[Numpy-discussion] Solving Ax = b: inverse vs cholesky factorization
Anne Archibald
aarchiba@physics.mcgill...
Mon Nov 8 16:40:57 CST 2010
On 8 November 2010 14:38, Joon <groups.and.lists@gmail.com> wrote:
> Oh I see. So I guess in invA = solve(Ax, I) and then x = dot(invA, b) case,
> there are more places where numerical errors occur, than just x = solve(Ax,
> b) case.
That's the heart of the matter, but one can be more specific. You can
think of a matrix by how it acts on vectors. Taking the inverse
amounts to solving Ax=b for all the standard basis vectors
(0,...,0,1,0,...,0); multiplying by the inverse amounts to expressing
your vector in terms of these, finding where they go, and adding them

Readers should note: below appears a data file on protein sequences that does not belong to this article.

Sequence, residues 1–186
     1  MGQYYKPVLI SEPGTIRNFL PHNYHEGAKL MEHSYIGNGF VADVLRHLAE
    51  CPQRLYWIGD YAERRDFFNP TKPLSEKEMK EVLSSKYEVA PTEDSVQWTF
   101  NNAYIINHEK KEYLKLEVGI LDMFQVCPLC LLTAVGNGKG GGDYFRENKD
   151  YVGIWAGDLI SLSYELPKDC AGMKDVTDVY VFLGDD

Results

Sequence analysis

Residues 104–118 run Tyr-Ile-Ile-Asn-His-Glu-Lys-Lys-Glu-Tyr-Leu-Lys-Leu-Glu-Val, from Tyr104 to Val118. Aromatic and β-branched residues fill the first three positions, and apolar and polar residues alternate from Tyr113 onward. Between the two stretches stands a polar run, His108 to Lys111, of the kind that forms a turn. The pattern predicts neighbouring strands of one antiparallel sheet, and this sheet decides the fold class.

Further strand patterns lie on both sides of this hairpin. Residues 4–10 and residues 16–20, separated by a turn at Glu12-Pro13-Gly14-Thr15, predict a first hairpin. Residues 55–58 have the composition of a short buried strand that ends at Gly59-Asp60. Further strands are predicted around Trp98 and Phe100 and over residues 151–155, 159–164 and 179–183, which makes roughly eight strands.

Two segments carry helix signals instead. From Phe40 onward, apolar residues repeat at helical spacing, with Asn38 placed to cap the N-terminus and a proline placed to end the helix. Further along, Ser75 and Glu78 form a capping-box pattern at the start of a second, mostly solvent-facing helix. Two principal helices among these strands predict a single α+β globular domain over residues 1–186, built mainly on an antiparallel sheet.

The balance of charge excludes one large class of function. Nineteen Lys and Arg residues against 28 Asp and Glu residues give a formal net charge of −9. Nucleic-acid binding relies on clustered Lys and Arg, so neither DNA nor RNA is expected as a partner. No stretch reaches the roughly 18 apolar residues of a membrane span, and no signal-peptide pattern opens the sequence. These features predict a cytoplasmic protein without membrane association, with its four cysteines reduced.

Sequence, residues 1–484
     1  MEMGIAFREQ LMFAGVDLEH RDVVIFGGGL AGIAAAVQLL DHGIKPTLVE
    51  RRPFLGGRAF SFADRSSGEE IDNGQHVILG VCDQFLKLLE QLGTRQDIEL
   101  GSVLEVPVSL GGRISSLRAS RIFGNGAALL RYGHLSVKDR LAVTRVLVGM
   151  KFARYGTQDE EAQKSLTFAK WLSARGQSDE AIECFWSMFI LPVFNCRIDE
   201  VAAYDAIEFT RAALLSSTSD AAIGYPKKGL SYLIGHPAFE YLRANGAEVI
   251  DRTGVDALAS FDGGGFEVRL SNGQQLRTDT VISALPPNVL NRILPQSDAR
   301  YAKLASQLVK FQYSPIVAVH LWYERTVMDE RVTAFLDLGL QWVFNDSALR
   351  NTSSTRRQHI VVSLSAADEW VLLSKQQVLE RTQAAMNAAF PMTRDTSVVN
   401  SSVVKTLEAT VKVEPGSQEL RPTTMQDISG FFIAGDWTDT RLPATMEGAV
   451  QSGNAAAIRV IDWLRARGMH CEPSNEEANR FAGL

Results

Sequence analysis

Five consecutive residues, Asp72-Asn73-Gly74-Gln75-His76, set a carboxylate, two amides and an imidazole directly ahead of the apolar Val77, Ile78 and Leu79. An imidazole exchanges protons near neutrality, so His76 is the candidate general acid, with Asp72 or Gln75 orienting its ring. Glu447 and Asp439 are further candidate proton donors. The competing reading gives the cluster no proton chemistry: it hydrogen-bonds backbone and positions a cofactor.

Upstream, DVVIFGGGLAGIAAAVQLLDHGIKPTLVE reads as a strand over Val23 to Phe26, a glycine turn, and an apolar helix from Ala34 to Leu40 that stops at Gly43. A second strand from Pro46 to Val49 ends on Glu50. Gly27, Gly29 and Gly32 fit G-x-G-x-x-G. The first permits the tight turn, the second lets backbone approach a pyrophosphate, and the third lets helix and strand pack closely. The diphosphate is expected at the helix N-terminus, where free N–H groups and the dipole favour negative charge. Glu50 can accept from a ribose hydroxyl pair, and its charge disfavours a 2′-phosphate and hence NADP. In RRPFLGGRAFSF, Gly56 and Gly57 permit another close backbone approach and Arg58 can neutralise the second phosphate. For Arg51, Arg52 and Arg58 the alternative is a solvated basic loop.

together. But it can happen that when you break your vector up like
that, the images of the components are large but almost cancel. This
sort of near-cancellation amplifies numerical errors tremendously. In
comparison, solving directly, if you're using a stable algorithm, is
able to avoid ever constructing these nearly-cancelling combinations
explicitly.
The standard reason for trying to construct an inverse is that you
want to solve equations for many vectors with the same matrix. But
most solution methods are implemented as a matrix factorization
followed by a single cheap operation, so if this is your goal, it's
better to simply keep the matrix factorization around.
Anne
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